Crop production cost estimates now available

If you like cropping budget calculations, check out Guidelines for Estimating Crop Production Costs 2019 in Manitoba.

It’s freshly posted on Manitoba Agriculture’s website. The publication includes a great deal of detail, even going so far as to estimate fuel use with assumptions for the number of field operations and the consumption of fuel per acre.

Of course, yields and prices are just an educated guess; everyone’s numbers will be different and everyone should go through the calculations using their own data. That said, it’s still interesting to see which crops are winners and which are losers based on the assumptions of farm management specialists.

Hard red spring wheat remains the largest acreage crop in Manitoba. Assuming a target yield of 55 bushels an acre and an estimated price of $6.75 a bu., wheat fails to cover total costs (operating, fixed and labour costs). The loss is $13 an acre. On other types of wheat, including winter wheat, the yields are higher, but the price is lower and the loss per acre is even higher.

The number two crop by acreage in Manitoba is canola, where a 40 bu. per acre crop at $11 a bu. is assumed. Despite operating costs that are $40 an acre higher than spring wheat, canola generates a small profit of about $16 an acre given all the assumptions.

Soybeans have grown to be the third largest crop in Manitoba and the analysis puts soybeans as by far the most profitable of the three majors. The yield assumption is 38 bu. an acre at a price of $11, generating a return of nearly $46 an acre over total expenses.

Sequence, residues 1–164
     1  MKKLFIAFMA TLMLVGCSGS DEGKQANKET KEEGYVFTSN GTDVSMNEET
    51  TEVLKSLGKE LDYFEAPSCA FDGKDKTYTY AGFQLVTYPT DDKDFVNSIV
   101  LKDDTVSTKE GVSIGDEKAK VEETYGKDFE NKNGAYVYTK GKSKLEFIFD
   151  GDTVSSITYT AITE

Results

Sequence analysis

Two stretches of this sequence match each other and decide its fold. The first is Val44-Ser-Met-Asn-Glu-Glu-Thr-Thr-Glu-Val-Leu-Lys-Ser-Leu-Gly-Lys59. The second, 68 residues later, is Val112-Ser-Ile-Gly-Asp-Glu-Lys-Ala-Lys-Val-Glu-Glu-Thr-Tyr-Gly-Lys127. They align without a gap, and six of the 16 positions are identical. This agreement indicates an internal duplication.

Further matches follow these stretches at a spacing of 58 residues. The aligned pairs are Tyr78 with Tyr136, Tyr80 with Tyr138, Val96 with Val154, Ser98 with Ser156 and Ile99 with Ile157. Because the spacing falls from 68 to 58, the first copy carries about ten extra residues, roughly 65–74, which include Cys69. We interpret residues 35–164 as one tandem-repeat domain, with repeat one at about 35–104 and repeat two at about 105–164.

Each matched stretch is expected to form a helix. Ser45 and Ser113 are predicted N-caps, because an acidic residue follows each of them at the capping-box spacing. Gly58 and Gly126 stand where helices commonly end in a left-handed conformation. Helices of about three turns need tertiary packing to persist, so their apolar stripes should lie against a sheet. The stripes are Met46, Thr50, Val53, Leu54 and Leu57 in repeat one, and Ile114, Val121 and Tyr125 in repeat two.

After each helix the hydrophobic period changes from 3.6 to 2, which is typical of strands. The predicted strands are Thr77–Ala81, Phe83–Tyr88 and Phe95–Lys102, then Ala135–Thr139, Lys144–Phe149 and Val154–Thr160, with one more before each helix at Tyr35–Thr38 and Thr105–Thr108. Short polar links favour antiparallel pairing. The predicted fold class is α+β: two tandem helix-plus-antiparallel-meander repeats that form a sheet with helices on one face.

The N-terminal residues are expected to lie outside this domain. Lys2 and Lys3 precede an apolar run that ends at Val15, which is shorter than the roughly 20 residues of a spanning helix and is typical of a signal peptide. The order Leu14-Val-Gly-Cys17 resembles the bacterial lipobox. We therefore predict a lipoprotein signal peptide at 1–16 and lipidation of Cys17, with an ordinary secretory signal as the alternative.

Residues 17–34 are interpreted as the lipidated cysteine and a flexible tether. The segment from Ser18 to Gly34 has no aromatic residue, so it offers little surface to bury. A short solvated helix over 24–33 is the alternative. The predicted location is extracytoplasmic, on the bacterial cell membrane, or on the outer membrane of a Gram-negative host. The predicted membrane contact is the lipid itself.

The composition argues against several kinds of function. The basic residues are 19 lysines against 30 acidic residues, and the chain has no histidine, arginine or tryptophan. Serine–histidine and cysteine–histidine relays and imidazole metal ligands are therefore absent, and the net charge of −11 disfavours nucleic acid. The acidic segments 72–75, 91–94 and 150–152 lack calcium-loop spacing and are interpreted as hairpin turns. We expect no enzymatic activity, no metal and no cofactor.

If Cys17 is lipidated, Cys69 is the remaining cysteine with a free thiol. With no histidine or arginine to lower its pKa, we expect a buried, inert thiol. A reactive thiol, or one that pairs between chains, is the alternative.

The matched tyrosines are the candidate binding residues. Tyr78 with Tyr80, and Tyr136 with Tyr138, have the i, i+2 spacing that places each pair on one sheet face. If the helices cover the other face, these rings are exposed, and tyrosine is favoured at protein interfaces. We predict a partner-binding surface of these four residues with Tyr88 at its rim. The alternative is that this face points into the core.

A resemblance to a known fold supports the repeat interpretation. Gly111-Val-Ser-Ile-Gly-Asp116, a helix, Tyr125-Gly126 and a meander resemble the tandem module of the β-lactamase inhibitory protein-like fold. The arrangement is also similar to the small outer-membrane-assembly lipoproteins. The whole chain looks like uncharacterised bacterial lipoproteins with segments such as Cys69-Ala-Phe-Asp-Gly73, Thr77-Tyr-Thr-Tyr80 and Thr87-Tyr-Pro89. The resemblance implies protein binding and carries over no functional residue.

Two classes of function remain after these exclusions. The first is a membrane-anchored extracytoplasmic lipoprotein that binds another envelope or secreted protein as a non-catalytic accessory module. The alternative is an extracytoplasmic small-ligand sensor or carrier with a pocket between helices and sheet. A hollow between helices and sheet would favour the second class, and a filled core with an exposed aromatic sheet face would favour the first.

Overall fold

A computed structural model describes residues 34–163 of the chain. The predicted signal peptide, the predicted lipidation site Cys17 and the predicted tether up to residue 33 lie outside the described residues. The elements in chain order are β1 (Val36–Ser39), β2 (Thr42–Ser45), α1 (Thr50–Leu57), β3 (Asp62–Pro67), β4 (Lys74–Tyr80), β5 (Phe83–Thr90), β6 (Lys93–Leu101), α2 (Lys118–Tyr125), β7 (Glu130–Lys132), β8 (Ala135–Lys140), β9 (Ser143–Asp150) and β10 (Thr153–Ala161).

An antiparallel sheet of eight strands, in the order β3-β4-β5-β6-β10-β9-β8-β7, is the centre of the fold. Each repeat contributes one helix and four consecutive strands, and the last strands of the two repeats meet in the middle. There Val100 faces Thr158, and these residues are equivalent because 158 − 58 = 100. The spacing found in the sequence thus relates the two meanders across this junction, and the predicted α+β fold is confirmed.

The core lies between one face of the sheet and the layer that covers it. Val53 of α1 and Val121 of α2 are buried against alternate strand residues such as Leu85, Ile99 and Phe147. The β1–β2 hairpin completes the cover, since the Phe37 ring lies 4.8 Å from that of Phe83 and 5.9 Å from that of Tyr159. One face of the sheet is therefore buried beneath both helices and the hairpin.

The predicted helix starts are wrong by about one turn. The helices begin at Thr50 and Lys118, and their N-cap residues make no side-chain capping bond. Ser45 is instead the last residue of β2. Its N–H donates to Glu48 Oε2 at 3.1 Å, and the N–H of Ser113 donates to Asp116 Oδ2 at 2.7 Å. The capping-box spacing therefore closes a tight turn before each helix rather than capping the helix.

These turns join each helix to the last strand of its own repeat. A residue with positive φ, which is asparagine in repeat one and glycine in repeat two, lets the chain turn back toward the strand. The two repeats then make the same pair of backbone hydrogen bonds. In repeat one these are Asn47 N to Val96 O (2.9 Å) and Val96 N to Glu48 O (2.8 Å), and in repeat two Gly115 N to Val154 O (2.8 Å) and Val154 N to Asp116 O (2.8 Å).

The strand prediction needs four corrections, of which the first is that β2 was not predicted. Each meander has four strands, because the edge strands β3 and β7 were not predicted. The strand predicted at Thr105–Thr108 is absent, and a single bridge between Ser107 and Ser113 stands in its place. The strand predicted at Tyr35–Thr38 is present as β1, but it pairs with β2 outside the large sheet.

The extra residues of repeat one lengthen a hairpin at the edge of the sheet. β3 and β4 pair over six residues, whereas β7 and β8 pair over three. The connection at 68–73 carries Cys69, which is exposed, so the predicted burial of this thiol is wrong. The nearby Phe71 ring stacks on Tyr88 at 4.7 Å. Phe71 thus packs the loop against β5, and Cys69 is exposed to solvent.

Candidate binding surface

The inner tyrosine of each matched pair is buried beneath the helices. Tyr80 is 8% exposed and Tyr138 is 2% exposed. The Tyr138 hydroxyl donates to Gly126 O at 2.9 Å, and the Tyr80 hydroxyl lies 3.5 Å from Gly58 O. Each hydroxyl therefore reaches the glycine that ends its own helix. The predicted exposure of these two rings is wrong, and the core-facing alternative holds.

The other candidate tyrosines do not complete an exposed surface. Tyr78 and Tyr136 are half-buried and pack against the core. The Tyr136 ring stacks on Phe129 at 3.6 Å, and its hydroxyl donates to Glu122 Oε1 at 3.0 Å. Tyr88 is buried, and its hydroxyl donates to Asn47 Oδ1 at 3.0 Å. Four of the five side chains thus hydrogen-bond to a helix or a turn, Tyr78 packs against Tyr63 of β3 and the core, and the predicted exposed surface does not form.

Interestingly, most analysts expect soybean acreage to drop in Manitoba and Saskatchewan following some disappointing results in 2018. Based on the Manitoba Agriculture assumptions, soybeans could be one of the top revenue performers behind only pinto beans and corn, which are not as widely adapted to all regions of the province.

Hard red spring wheat, canola and soybeans accounted for 80 percent of Manitoba’s seeded acreage in 2018. Oats, corn and barley are much smaller acreage. Oats show a small profit of $11 an acre based on a 105 bu. yield and a price of $3.35. Barley shows a significant loss of $56 an acre based on a yield of 73 bu. and a price of $4.10.

Pea acreage in Manitoba is tiny with only 84,000 acres in 2018. At an assumed price of $7 a bu. with an estimated yield of 40 bushels, peas show a loss of $36 an acre when all costs are included.

When the big pea fractionation plant at Portage la Prairie is operational, a lot of the peas are likely to be trucked in from Saskatchewan, where the acreage is 20 times larger.

At one time, Manitoba was the largest province for flax production. That has changed dramatically with a mere 36,000 acres of flax last year. The Manitoba yield assumption is 24 bu. per acre at $12.75 a bu., generating a loss of nearly $40 an acre.

This is the time of year for cropping budgets. The Saskatchewan Ministry of Agriculture’s Crop Planning Guide for 2019 should be available shortly. In addition to yields, prices and operating costs, it’s interesting to contrast the fixed-cost assumptions for land and machinery within the publications.

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